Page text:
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Winter at Tantora: Where Tourism Begins in Saudi Arabia

Saudi Arabia’s opening to tourism was a promise of Crown Prince Mohammed ben Salmane’s Vision 2030. Although the Kingdom has not yet launched tourist visas in 2019, it has been carrying out an unprecedented experiment in this field in recent weeks.

In the oasis of Al-Ula, in the northwest of the country, a festival called Winter at Tantora has been held every weekend since December 21, in homage to Tantora, a monument in the city of Al-Ula used as a sundial to determine the winter solstice. The event, led by the Royal Commission for Al-Ula (RCU), offers a 3-day opportunity to discover the wonders of this oasis, that was once the home of the Nabataean civilization.

Nabataean inscriptions on the rocks in the Al-Ula region

Nabataean inscriptions on the rocks in the Al-Ula region

The archaeological sites in Al-Ula region were, for the occasion, exceptionally open to a limited attendance of influencers, international media, and local residents. “We’re just in a stage-zero now, you haven’t seen anything we haven’t started” says Iman Almutairi, Marketing and Destination Manager for the Royal Commission for Al-Ula. “This is a culture an art festival and we are targeting a lot of international visitors and locals to come. Our aim is to open the destination for tourism and to mark it as an art and culture destination” she adds

A cube of mirrors in the Arabian desert

On the agenda for this first edition of Winter at Tantora, an excursion to the ruins of the ancestral kingdoms of Lihyan and Dadan, a visit to the UNESCO World Heritage sites of Mada’in Saleh, including Al-Fareed Rock, a look at the Nabatean inscriptions scattered throughout the region, a walk on the heights of Ekmah, Bedouin style lunches in breathtaking places and a tea time next to the Elephant Rock. And for thrill-seekers, an escapade by buggies in the desert and a helicopter tour.

At the foot of Elephant Rock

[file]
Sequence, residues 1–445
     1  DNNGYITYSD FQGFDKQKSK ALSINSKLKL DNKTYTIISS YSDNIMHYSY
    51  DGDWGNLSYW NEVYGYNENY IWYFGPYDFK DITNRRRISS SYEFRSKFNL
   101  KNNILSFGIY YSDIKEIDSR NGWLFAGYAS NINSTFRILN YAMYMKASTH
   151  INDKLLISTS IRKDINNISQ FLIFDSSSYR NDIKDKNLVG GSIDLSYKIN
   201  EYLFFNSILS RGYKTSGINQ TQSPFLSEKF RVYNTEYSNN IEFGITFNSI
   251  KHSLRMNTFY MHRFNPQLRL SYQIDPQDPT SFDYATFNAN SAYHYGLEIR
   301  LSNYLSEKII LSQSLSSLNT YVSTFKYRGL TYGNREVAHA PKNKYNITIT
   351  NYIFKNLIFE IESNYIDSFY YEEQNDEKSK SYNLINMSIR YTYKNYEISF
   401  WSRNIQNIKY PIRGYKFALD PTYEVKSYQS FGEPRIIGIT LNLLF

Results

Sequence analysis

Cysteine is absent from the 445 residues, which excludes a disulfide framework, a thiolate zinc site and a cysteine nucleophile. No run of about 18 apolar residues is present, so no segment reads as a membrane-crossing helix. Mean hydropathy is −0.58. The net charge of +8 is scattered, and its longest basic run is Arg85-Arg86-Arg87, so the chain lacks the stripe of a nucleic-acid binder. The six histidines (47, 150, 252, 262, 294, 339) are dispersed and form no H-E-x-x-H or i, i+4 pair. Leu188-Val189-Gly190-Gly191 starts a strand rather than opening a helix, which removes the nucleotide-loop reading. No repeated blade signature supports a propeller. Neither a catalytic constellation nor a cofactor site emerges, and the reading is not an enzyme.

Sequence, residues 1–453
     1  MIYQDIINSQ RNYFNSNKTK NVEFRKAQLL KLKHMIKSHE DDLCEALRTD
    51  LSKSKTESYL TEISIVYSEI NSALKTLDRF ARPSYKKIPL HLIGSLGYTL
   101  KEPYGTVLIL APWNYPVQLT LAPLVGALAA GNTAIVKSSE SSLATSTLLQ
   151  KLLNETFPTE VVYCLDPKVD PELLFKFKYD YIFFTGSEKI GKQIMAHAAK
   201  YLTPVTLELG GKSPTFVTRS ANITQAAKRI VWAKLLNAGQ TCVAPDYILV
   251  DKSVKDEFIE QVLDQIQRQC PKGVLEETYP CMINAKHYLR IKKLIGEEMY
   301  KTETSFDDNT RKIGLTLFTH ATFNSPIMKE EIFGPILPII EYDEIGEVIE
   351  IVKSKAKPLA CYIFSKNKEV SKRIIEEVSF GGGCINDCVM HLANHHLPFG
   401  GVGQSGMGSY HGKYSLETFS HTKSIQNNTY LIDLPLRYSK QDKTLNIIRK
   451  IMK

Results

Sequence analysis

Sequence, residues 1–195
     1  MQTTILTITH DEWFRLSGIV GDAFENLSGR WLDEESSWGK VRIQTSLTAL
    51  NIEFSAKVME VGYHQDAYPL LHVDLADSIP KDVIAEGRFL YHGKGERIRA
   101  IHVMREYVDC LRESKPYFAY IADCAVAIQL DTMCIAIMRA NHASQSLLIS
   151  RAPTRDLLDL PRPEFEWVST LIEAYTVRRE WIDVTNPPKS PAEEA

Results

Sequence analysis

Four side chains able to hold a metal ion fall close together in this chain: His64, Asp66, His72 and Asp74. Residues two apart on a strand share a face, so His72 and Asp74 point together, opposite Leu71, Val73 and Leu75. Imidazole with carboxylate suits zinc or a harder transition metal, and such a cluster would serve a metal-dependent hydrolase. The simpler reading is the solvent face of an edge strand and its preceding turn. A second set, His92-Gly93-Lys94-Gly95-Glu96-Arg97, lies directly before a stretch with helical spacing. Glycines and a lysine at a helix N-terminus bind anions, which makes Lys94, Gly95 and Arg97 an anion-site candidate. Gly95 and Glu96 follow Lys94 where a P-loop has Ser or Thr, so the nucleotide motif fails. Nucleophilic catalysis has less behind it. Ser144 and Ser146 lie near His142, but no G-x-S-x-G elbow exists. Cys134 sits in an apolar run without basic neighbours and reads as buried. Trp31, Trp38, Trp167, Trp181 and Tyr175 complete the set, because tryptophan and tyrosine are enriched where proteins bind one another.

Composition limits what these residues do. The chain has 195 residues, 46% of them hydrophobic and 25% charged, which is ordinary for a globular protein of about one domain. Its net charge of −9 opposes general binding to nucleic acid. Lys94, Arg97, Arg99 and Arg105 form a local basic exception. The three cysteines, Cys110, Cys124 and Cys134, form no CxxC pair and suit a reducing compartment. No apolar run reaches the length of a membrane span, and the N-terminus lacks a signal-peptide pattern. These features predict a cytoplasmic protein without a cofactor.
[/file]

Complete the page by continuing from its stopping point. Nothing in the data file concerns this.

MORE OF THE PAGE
At the foot of Elephant Rock

Cherry on top: a classical music concert is held at Maraya, an impressive building covered with mirrors and especially set up for the festival in the middle of Al-Ula desert. “The issue that came to our mind was ‘how to insert an architecture in a place that is already perfect’” says Massimo Fogliati, project manager for Winter at Tantora. “We decided not to gcompete with the environment but to try to get the environment as much as possible in our architecture. That’s how the idea of a completely mirrored box came up” he added.

See also

Saudi Province of Al-Ula Taps into Youth for Tourism Jobs

“A place too long hidden”

This first full-scale test seems, for the time being, to be a success. This is reflected in the enthusiasm of the few guests and participants, discovering Saudi Arabia as a tourist destination. “I thought this was a closed country, but I realize that people here are very open to us, very friendly. It’s really a great discovery” says Marc Nouss, a French photographer and blogger who was invited to Al-Ula among several international influencers. The same goes for Sofiya, a Russian Instagram blogger who deplores the fact that the place has been “hidden or for a long time”.

Maraya, a building covered with mirrors and located in the Mada'in Saleh desert

Maraya, a building covered with mirrors and located in the Mada’in Saleh desert

In its quest to diversify its economy, Saudi Arabia seems to have made a fair bet with tourism, even if Saudi tourism, for the time being, the kingdom remains in “its test phase”, as Iman Almutairi points out.

Published on 16 January 2019